Voila - ratatouille!

Voila – ratatouille!

Remove the parchment and the (probably burnt) sprig of thyme before serving. To make things extra pretty, I borrowed Remy’s plating idea to use a single chive tip to garnish. Although now I have a lot of leftover chives in my refrigerator… time to research another recipe!

We each ate two of those ramekins with toast for dinner and split the contents of the pie dish for the next day’s lunch. If you plan to serve this as a side dish, I think one ramekin per person would be sufficient. One of my friends likes to drizzle the ratatouille with balsamic vinegar before baking (or balsamic reduction after baking would also work), top it with gobs of goat cheese and serve it over pan fried polenta. Fancy!

Dress it up or dress it down, there’s no right or wrong way to enjoy this comforting dish especially on a cool autumn night. Bon appetit!

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———————

our-growing-edge-badgeThis post is part of the monthly link up party Our Growing EdgeThis event aims to connect food bloggers all over the world and inspire us to try new things. The ratatouille from Ratatouille has been on my bucket list for literally years and I cannot believe how easy it turned out to be! My only regret is not working up the courage to try making this sooner, but as they say, better late than never!

We are hosting this month’s link party and we can’t wait to see the autumn dishes from our friends in the northern hemisphere AND the spring dishes from our friends in the southern hemisphere!

Want to join our link party? Check out this post for details. ALL bloggers are welcome.

Cheers!

Vietnamese Stir-Fried Rice Noodles (Banh Lot Xao)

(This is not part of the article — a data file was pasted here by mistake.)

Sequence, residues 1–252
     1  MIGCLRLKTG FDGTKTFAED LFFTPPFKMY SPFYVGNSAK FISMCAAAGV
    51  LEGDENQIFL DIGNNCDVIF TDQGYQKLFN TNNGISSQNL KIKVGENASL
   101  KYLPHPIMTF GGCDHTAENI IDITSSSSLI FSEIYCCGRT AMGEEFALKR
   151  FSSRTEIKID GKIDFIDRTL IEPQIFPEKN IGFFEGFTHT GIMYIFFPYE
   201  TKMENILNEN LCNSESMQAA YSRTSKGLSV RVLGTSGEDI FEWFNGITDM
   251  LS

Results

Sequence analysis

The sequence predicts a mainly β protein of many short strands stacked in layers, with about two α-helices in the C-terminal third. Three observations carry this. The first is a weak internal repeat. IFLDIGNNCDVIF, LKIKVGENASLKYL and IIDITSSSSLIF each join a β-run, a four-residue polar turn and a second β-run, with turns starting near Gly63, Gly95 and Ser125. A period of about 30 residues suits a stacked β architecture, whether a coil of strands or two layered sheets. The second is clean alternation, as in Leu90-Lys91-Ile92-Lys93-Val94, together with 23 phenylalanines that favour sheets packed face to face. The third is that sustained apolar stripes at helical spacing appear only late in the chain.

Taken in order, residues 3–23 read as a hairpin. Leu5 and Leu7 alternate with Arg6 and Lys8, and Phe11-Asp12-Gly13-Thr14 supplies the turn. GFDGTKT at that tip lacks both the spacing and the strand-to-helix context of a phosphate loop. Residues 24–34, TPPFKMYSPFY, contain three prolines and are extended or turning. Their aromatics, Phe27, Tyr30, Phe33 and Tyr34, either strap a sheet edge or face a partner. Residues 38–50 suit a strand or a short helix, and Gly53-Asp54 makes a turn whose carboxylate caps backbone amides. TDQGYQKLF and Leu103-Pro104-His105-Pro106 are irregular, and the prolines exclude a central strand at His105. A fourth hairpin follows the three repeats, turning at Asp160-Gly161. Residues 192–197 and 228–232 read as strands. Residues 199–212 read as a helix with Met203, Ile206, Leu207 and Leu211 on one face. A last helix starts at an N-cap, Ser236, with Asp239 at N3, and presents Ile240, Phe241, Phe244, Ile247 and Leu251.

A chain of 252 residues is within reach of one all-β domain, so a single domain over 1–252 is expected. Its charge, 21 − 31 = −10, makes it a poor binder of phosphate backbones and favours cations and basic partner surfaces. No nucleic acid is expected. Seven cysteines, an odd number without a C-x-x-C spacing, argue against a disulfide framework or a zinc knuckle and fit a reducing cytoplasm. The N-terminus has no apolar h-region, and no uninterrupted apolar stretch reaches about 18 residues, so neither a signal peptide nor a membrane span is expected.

Main Dishes, Recipes

One of my favorite street food style Vietnamese dishes is bánh lọt xào – a simple stir fry of rice noodles, eggs, and a molasses-based “thick soy sauce.” The flavor profile bears resemblance to bánh bột chiên, a Vietnamese pan-fried rice cake similar to the turnip cake served at dim sum restaurants. There are only a few ingredients involved, so if you have the fixins on hand, this could make for a very quick meatless dinner!

The Finished Product!

The Finished Product!

NomCat Tip for the Ingredients:

1. Bánh Lọt: The namesake of the dish, these noodles are readily available at Asian grocery stores that stock freshly made rice noodle products, tofu, soy milk, etc. They can be found next to the hủ tiếu (wide, flat rice noodles) packaged in clear bags like in the photo below. The brand we purchased hails from El Monte, CA and is labeled “rice pin noodles,” after their tapered shape. If you have difficulty finding these, you could substitute fresh (or dried and reconstituted) phở noodles, thus making phở xào. Alternatively, you could stop by a Korean grocery store and get a package of duk (떡), round discs of rice flour cakes (although I would blanch them first to soften).

NOTE: The bánh lọt used in this recipe is not to be confused with the green jelly bánh lọt (also known as chendol in other Southeast Asian cuisines) used in Vietnamese desserts, or chè. They are very similar in shape, although which came first, I can’t be sure…